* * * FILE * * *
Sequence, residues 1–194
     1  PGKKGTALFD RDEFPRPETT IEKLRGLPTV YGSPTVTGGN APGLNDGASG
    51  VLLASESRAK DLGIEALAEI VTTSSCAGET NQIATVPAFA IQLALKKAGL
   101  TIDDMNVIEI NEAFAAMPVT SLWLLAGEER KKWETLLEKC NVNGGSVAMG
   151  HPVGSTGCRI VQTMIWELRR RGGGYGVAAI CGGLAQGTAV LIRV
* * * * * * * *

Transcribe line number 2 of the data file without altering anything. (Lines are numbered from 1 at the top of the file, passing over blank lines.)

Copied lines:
     1  PGKKGTALFD RDEFPRPETT IEKLRGLPTV YGSPTVTGGN APGLNDGASG